It had been nearly two years since I attended a college football game, so my wife and I decided to get back on that horse over Labor Day weekend.
The Oregon State Beavers were playing at Purdue. We rooted for all the Pacific Northwest Pac-12 Conference teams when we lived in Washington state and Oregon, so we thought it would be nice to see the Beavs play again.
We’d also seen Oregon State play in the first round of the NCAA Men’s Basketball Tournament in March in Indianapolis, upsetting Tennessee on its way to a surprising appearance in the Elite Eight. So seeing a football game along with that basketball game meant we could really rub it in the faces of my wife’s Oregon State fan family members, who because of Oregon COVID-19 regulations haven’t been able to watch their teams in person since shortly after we left there in early 2020.
When I go to a college football game, I like to see if I can park away from the stadium and take a shuttle to the venue. When I’ve done that in the past at other stadiums, it’s been free to park and then between $5 and $12 for the round trip on the bus.
I checked Purdue’s website, and it said the bus was free and didn’t say anything about a charge for parking, so I figured that would be free, too. Then we pull up to the parking lot, and the sign says it’s $30 to park.
I knew my wife would not be happy if I kept driving around looking for a place to park, so I grudgingly paid for it.
Many people were surprised that they had to wear masks on the bus. This was strange because Purdue sent out an email saying you have to wear masks in all indoor spaces, plus many of the people on the bus brought kids, who are required to wear masks on the school bus by federal law. The bus driver took advantage of this by selling masks for a dollar to those who didn’t bring one. I hope he got to keep the profits.
We made it into the stadium just before kickoff.
For a while it looked like the Beavers, who haven’t reached a bowl game since 2013, might have a chance. They raced down the field in three plays to take a 7-0 lead.
But after a shaky start, Purdue scored its first touchdown with 3:43 to play in the first quarter. They had some cool effects with a train horn and the stadium lights flashing on and off to celebrate the touchdown.
It was great to be back at a college football game. My last game was at Oregon State in 2019. Unlike that game, Purdue’s Ross-Ade Stadium was nearly packed, and it was clear the fans were fired up, loudly booing any time the referees made a call against the Boilermakers. I’d looked at the stadium online before the game, and it didn’t look like much. But in person and full, it was a cool-looking horseshoe. They also have a new 150-foot-wide video board that was amazing.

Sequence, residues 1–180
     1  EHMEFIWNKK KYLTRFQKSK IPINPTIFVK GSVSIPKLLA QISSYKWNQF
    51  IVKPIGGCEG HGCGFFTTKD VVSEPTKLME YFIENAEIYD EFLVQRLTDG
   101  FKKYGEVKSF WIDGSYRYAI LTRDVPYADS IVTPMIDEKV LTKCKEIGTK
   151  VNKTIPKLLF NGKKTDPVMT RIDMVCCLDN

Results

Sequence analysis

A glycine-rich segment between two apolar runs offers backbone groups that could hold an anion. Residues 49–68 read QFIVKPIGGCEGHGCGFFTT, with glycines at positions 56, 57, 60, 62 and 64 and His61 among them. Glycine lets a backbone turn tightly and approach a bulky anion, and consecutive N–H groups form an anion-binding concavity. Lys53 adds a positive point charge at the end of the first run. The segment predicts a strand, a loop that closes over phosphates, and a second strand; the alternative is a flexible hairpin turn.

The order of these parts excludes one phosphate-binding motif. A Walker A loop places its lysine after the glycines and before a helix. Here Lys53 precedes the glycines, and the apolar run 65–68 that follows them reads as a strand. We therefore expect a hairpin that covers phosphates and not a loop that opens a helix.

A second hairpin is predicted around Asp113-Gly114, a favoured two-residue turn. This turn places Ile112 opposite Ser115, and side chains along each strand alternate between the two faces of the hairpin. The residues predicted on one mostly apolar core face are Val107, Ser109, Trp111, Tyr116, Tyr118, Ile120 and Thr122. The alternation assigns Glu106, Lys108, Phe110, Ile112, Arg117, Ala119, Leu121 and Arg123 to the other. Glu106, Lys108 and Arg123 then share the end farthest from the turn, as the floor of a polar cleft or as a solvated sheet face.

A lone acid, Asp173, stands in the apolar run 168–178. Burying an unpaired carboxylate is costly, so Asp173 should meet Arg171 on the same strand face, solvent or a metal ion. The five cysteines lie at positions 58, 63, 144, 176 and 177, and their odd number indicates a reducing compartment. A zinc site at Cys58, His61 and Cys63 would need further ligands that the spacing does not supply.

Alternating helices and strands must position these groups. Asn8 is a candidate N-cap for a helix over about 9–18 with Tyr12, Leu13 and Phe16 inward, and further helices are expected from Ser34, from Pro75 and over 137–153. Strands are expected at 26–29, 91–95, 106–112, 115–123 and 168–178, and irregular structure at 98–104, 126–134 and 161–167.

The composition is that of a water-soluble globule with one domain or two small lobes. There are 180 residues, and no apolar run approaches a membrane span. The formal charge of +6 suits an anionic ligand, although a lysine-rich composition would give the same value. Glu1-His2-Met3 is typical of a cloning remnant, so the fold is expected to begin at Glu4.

Although the game was fairly close, it looked like the Beavers weren’t going to have what it takes to win. Plus, the fans around us were getting more rowdy, and with them consuming more alcohol, I doubted the atmosphere would get more pleasant.
And most importantly, a hamburger stand we’ve long wanted to try in downtown West Lafayette, The Triple XXX Family Restaurant, was set to close for the night at 10 p.m. Triple XXX, which opened in 1929, was featured on the first season of our favorite show, Food Network’s “Diners, Drive-Ins and Dives,” in 2007, so we really wanted to go there.
So we left at halftime. We wanted to stop by the team store and get a magnet. But first, we walked outside the stadium to get photos in front of the boilermaker statue and the arch for the Tyler Trent Student Gate. Trent was a Purdue student who died of bone cancer in 2019 but not before being named an honorary team captain and inspiring a victory against No. 2 Ohio State two months before he passed. Seeing the gate nearly brought tears to my eyes.
It turned out, you could only enter the store from inside the stadium during the game, and since we walked outside, we couldn’t go back in the store. It’s always amazing when people don’t want to take my money.
Then we waited 20 minutes for the bus to show up, which made no sense because it’s about a eight-minute round trip to the parking lot.
We finally got back to the car and hit nearly every red light on the 3-mile drive to Triple XXX.
We arrived about 9:40 p.m., and finally luck started to go our way. We were the last customers to get in for the night.
We both ordered Boilermaker Pete burgers, which feature American cheese and grilled onions. The burgers, as well as my Triple XXX Root Beer, were excellent.
The only disappointment was the largest-sized T-shirt they had for sale was size extra large. How can a place called Triple XXX not have 3-XL shirts?
It was nearly 10:30 p.m. Eastern when we left West Lafayette, but we decided to try to drive home that night. Luckily, I was able to listen to the Big 40 Countdown on SiriusXM’s ’80s channel, which gave me the momentum to make it home. The 1985 countdown brought me back to my summer spent at my grandmother’s house in Syracuse, New York, where my cousins and I watched MTV all day while my mom and grandmother were visiting my ailing grandfather in the hospital.
It was nearly 3 a.m. our time when we got home, but after listening to Tears for Fears and Indiana’s own John Mellencamp, I could have driven another five hours.